The Last Jedi is long, to the point of being a bit bloated. But most of the journeys are a lot of fun. There is humor mixed throughout, and most of it works. Where it doesn't, it's awful, because they stick it in some of the most serious points of the story. In that respect, I wish they would have learned from Rogue One, which benefited from keeping it serious.
One of the most awful parts of The Force Awakens was all the recycling of A New Hope that was done. There is some of that in The Last Jedi, but not enough to ruin the movie. And unlike The Force Awakens, the CG all looks good.
What The Last Jedi does best, is it effectively pushes characters into the struggle between the light and the dark side of the Force. Witnessing their internal battles with their identities in the mix of epic external battles is Star Wars done right.
And it needs to be mentioned: Mark Hamill's acting is superb.
I'd put The Last Jedi in the same territory as Rogue One, not as good as New Hope, or The Empire Strikes Back, but about as good as Return of the Jedi, and definitely better than the Clone Wars garbage trilogy.
Catch it in the theatre while you can.
Some things are just so dumb, they're hard to buy:
1. Why do bombers move so slow in space?
2. Why do bombs drop below the bombers in space?
3. Why are Rebel ships out of range of lasers from the Destroyers when they're still in visible range? What's exactly degrading these streams of photons in a vacuum? You can fire a laser and destroy a whole planet from space, but can't shoot a few ships that are a little ways out there?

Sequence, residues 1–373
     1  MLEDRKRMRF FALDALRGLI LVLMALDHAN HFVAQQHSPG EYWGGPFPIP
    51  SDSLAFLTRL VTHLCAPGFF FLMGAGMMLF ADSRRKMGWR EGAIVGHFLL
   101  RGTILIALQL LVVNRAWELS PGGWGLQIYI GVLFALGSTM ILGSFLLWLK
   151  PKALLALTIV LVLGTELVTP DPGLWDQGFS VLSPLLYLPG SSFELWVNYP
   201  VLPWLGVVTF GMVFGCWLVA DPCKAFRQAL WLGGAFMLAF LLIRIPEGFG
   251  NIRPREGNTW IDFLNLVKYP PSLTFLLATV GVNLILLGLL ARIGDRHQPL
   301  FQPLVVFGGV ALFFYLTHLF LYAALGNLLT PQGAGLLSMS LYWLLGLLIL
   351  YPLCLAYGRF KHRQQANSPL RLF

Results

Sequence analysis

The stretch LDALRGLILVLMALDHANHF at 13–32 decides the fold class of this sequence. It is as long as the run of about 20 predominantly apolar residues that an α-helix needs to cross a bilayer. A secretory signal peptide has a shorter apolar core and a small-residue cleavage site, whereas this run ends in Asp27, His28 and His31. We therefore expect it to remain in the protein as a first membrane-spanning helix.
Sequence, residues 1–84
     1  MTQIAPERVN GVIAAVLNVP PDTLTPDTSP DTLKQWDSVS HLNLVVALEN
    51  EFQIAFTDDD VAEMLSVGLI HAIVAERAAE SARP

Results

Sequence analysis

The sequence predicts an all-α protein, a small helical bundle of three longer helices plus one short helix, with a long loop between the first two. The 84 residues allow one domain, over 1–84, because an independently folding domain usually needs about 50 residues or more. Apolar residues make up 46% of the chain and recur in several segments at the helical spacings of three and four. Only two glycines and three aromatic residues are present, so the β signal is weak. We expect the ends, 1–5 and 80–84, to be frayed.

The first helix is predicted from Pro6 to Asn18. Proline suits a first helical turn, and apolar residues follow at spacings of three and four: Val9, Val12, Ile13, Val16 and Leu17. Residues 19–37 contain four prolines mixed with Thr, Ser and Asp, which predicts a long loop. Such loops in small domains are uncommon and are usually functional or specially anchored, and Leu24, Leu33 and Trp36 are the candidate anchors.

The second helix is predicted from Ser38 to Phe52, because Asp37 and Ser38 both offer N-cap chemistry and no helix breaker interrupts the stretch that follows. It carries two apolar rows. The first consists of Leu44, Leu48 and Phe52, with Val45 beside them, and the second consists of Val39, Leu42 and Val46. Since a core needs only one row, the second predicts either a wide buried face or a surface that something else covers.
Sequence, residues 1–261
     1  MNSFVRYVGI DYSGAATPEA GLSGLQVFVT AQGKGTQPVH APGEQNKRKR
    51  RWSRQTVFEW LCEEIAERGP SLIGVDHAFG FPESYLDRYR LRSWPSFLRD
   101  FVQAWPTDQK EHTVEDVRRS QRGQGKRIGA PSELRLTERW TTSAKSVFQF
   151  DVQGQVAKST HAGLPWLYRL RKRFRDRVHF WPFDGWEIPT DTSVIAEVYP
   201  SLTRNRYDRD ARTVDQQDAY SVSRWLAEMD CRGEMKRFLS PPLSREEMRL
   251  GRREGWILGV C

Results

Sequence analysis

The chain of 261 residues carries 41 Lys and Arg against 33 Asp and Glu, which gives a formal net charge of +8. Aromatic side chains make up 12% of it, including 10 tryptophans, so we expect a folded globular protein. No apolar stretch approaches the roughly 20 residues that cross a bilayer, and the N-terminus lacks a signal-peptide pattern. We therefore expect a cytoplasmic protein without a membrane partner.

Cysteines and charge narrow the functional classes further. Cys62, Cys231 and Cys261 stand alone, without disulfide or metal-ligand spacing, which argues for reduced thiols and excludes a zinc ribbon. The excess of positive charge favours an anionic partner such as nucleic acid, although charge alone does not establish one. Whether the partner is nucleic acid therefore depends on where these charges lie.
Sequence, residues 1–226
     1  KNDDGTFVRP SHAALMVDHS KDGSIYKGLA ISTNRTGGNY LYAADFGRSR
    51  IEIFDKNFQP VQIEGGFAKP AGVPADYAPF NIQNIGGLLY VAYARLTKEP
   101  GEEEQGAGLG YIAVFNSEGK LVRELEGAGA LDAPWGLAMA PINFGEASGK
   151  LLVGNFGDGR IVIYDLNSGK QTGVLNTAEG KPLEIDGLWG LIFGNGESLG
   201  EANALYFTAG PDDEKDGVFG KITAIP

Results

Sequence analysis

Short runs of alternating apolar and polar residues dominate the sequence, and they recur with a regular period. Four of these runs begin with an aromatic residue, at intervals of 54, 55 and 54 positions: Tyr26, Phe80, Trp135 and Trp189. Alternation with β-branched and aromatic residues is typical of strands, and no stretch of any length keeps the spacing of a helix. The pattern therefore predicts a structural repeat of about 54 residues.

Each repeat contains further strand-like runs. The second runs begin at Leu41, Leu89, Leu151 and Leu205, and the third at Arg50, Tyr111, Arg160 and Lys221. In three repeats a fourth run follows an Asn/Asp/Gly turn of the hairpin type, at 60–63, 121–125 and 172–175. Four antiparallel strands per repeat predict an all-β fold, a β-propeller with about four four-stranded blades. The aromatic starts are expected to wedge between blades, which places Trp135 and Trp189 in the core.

4. What exactly was this BS that Rose and Finn figured out about the tracking?
5. If the Rebels were so close to an impenetrable base, why didn't they just go there in the first place?
6. How can there possibly be a wall considered impenetrable?
7. Why would Snoke allow himself to be killed so easily?
8. Why is Rey this incredibly powerful Jedi all of a sudden, and how did Rose become a first-class fighter pilot?
I can't believe they killed off Snoke. He was the best new character in ages, and they off him so easily like that? Off the flat characters and keep the good ones.
The entire side-trip to Vegas didn't fit the tone of the film at all. I would have rewritten and reshot that part with an entirely new concept. Benicio Del Toro's character was little more than a cheap stereotype.
I wouldn't have killed off Luke. Killing off a main character every episode in the trilogy is going to get very old.
Why is BB-8 still grossly underdeveloped after 2 films? We know who R2D2 and C3P0 are. BB-8 is pretty damn flat for being so round.